Welcome back to Underrated Trek, where I take a special look at Star Trek episodes that I loveâ€¦which may not be the most popular or even liked by most. This has been a long time coming as I wanted to do this for awhile. Today let’s talk about an episode that has problems, among other reasons, because of the time it was made. The 1960’s. I give you :
This was the series finale, and thanks to “These are the Voyages” is not the worst series finale of the franchise.Â It came at the end of a painful year and you get the feeling that the cast just wanted to get it over with. But does that mean it’s all bad? Let’s take a closer look:
Plot Synopsis:Kirk, McCoy, and Spock beam down to a planet where a distress call has come. They find the whole archeological team dead except for Janice Lester and Dr.Coleman. While Spock and McCoy leave, Lester tricks Kirk into a machine which switches their minds into each other’s bodies. However, Lester is unable to kill Kirk before Spock and McCoy return.
Disguised as Kirk, Lester tries to resume the role of captain of the Enterprise. A role she has long coveted. Meanwhile, Kirk struggles to get figure out what has happened and get someone to help. He finally convinces Spock of the truth by getting him to do a mind meld on him. Convinced, he tries to help Kirk escape but is caught instead and put on trial for mutiny.
At the trial Lester starts screaming like a nutcase, which makes McCoy and Scotty realize that what they feared is true. Somehow, Spock is right and that is not really Kirk. When Lester declares they are to be executed, Sulu and Chekhov are also convinced since Kirk would never order an execution even if he was losing his mind. With Spock’s help the transfer is broken before Lester can act, and Kirk is returned to his body. He can’t help but for sorry for her, since she is clearly insane.
Guest Stars:Sandra Smith as Janice Lester. More on her in a bit.
There are some great little moments in this episode that I can’t help but love. The discussion between McCoy and Spock about what is wrong with Kirk is a nice scene. I like how Kirk convinces Spock of what has happened, with the mind-meld. Spock is Kirk’s best friend and there is no question he wouldn’t recognize him. Even when it defies all logic, he has to accept the truth. Nimoy handles the scene well. I also like it when Sulu and Chekhov discuss things on the Bridge, that Kirk is just acting to crazy. Chekhov has the great line that I paraphrased above. Even Scotty comments he has seen Kirk “feverish, sick, delirious, drunk, terrified, overjoyed, boiling mad….but never red faced with hysteria! That discussion between him and McCoy was well done too. These moments show how well these characters know each other that they can look beyond the impossibility of it all.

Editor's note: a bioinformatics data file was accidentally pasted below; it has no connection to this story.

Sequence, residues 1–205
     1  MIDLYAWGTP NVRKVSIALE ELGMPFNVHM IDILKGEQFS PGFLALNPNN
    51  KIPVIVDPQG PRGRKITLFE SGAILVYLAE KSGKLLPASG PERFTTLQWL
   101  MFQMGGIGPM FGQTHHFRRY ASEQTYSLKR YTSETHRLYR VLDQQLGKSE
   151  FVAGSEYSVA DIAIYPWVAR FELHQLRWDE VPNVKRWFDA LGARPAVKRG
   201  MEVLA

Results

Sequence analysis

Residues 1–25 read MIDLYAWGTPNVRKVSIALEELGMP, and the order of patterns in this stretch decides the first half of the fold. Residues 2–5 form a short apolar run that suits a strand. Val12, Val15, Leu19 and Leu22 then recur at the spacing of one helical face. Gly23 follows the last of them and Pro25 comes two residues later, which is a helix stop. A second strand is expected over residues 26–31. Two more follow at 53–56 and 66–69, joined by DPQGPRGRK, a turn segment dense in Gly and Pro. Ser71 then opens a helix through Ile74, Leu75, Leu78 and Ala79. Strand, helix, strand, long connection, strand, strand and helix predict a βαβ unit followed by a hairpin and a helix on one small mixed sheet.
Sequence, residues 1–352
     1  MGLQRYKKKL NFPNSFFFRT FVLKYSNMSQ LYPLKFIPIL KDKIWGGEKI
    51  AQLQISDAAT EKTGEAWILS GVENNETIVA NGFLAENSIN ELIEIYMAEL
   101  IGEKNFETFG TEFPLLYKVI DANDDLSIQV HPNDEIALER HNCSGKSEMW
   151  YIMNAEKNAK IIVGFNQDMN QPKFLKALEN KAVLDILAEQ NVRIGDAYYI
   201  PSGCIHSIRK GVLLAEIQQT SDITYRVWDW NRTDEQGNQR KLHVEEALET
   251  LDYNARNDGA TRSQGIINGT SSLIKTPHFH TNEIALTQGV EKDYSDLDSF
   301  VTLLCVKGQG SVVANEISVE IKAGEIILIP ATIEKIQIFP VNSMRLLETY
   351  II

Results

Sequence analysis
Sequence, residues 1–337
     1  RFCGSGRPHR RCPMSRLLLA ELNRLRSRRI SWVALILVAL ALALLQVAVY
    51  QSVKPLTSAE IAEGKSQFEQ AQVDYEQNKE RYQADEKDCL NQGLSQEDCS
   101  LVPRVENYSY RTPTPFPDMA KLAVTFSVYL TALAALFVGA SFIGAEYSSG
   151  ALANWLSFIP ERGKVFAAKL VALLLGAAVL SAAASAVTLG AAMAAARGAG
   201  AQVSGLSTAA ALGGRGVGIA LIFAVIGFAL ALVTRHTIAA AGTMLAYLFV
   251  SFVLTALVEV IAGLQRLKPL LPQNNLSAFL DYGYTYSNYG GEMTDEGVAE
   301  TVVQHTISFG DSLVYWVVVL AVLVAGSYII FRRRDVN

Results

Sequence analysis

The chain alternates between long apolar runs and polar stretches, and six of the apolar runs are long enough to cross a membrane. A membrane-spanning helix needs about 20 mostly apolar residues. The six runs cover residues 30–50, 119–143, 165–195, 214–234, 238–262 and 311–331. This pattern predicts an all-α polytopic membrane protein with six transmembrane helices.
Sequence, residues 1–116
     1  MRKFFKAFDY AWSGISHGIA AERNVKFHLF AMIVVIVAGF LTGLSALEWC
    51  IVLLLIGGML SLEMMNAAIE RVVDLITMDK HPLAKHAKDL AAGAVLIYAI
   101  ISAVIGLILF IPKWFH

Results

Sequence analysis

I really liked the transfer sequences. Yeah the effect is a little dated but he music really sells it. Even though I don’t think it’s anything new for the episode, it just works and makes those moments really strong with the clips flashing by. Of course it’s possible the creators added that when they realized the acting was way to campy. Yeah we’ll discuss that.
Before we discuss the bad stuff, it gets overlooked some of the more subtle moments Shatner has that really do work. When Lester first becomes Kirk she seems startled by little things and says “Capain Kirk” over his communicator rather than “Kirk”. When he/she goes on the Bridge, Shatner makes it different enough so that we can notice, but it’s believable the crew did not. Her scenes with Coleman are also pretty good, he seems really sinister and evil. He does a great job….for a little while.
And the other big thing that gets overlooked in this episode is Sandra Smith herself. Before the 2009 movie, she had been the only other performer to play Captain Kirk. And I think she does a fantastic job! Sure she plays Kirk pissed off, but that’s what you would expect him to be feeling. I love her performance in this episode, it’s one of the things that really works.